Contributors
Dean, Sarah C., Foster, David W, Sadowski-Smith, Claudia, et al.
Created Date
2012

This project examines the intersections between sexual/cultural cross-dressing and un/documented immigration from the point of view of folklore and immigration studies using Sui Sin Far's short story collection Mrs. Spring Fragrance and Karen Tei Yamashita's novel Tropic of Orange. Using the lenses of folklore theory and cross-dressing highlights aspects of immigration (and its intersection with gender and race) that are otherwise missed; it is necessary to examine the evolving ways in which fictionalized cross-dressers re-craft and occupy the spaces from which they are barred in order to address and redress questions of immigration today. Incorporating anthropology, history, folkloristics, and gender …

Contributors
Zheng, Ding Ding, Sadowski-Smith, Claudia, Adamson, Joni, et al.
Created Date
2013

From Frankenstein to District 9: Ecocritical Readings of Classic and Contemporary Fiction and Film demonstrates how American studies methodologies, ecological literary criticism, and environmental justice theory provide both time-tested and new analytical tools for reading texts from transnational perspectives. Recently, American literary scholars have been responding to calls for collective interdisciplinary response to widening social disparities and species collapses caused by climate change in the new epoch recently being termed "the anthropocene." In response, I analyze canonical texts, such as Mary Shelley's Frankenstein and Aldous Huxley's Brave New World in juxtaposition with Neill Blomkamp's South African science fiction thriller District …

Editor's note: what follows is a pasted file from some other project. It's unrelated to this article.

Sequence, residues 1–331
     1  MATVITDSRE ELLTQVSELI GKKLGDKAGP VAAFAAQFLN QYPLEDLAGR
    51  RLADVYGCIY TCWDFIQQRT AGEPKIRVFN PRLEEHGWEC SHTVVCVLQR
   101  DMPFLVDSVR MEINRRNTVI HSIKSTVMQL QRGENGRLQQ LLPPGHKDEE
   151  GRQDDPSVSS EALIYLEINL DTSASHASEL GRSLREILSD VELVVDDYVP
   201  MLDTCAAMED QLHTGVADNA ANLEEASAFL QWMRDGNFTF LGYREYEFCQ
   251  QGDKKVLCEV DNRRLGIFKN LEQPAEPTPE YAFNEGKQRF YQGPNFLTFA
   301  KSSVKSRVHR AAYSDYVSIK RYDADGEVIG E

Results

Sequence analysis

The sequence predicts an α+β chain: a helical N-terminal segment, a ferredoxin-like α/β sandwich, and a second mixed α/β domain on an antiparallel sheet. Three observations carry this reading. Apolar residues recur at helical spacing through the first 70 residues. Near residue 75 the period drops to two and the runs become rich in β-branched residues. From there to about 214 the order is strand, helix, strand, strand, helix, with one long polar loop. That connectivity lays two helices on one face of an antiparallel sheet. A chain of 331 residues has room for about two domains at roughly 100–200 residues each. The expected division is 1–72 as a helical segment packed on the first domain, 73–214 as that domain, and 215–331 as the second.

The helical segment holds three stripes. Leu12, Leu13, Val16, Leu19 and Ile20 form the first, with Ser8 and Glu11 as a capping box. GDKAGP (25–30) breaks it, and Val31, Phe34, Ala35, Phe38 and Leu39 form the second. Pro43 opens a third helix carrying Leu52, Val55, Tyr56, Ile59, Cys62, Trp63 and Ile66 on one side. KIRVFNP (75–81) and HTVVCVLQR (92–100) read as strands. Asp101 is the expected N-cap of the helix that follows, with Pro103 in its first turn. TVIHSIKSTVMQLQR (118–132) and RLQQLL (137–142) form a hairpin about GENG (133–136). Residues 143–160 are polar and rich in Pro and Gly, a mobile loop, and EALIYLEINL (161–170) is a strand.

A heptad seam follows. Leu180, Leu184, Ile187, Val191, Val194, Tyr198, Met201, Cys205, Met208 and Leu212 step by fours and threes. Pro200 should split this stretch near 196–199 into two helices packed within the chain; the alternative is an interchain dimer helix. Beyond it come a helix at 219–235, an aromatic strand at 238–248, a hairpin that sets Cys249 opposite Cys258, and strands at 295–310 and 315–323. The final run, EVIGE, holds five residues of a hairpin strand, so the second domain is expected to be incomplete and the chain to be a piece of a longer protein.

Contributors
Turner, Kyndra Preeman, Adamson, Joni, Lussier, Mark, et al.
Created Date
2015

This dissertation examines cultural representations that attend to the environmental and socio-economic dynamics of contemporary water crises. It focuses on a growing, transnational body of “hydronarratives” – work by writers, filmmakers, and artists in the United States, Canada, and the postcolonial Global South that stress the historical centrality of water to capitalism. These hydronarratives reveal the uneven impacts of droughts, floods, water contamination, and sea level rise on communities marginalized along lines of race, class, and ethnicity. In doing so, they challenge narratives of “progress” conventionally associated with colonial, imperialist, and neoliberal forms of capitalism dependent on the large-scale extraction …